Vivendi and Telecom Italia (TIM) have again traded blows in the run-up to the March 29 shareholders meeting called by the French media group – TIM’s largest shareholder – in an attempt to wrest control of the company from a board dominated by members nominated by hedge fund Elliott Advisors.
Vivendi has called on the TIM board of statutory auditors and regulator CONSOB to investigate further what it characterises as damning findings by the statutory auditors’ report in relation to the telco’s governance.
The media group has demanded an investigation into meetings of some Elliott-nominated board meetings in the run up to Amos Genish’s sudden dismissal as CEO at the end of last year, and whether chairman Fulvio Conti had contact with Elliott’s representatives in the run-up to those meetings, along with answers to a number of other questions.
The company condemned what it described as TIM’s board’s rejection of the statutory auditors’ report in favour of a supplemental report that failed to mention instances of Conti’s misconduct.
TIM had earlier published its own report in which it accused Vivendi of misrepresenting the statutory auditors’ report – “even reaching the point of changing the wording, adding quotation marks” – and rejected the finding that the company was being run by “a parallel company body” of only Elliott-nominated members as “so over the top it speaks for itself”.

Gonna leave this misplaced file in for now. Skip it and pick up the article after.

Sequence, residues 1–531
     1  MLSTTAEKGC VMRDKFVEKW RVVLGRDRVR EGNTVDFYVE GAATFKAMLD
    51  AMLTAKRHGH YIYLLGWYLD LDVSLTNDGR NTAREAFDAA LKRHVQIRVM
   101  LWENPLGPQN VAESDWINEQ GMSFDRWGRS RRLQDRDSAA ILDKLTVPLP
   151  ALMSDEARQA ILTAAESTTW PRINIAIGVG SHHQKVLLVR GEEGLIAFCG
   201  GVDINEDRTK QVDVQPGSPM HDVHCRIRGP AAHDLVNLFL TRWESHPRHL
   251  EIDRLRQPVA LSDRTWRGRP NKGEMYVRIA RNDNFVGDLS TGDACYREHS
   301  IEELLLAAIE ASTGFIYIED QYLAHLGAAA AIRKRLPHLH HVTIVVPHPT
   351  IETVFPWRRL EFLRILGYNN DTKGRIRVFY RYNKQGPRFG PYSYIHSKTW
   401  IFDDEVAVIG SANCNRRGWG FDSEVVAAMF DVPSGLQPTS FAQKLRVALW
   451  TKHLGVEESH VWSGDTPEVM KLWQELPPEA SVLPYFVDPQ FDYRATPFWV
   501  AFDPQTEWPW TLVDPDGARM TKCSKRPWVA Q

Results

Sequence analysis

The telco said that meetings “between the chairman and some directors” in the run-up to Genish’s dismissal had not involved an “exchange of any information relating to the revocation of the powers of Mr Amos Genish that was not already known or available to everyone”.
It denied that Conti had misled the auditors, as claimed by Vivendi, on the grounds that he had “simply declared that at the time of the decision, all the Members of the board had the same information and this is undoubtedly factually correct”.
TIM further accused Vivendi of failing to mention that the statutory auditors had accepted that a controversial write-down of goodwill had been carried out in line with regulations, that all directors were able to take an informed decision on approving the company’s Q3 report, and that the board had acted correctly in acting on Vivendi’s request for a shareholder meeting, among other things.
The exchange between the pair comes as both Vivendi and Elliott move to win support from independent shareholders ahead of the forthcoming battle for control of the board at the meeting.
A number of proxy advisors including, most recently Glass Lewis, have rejected Vivendi’s arguments and come down in favour of the existing board in the run up to the meeting.
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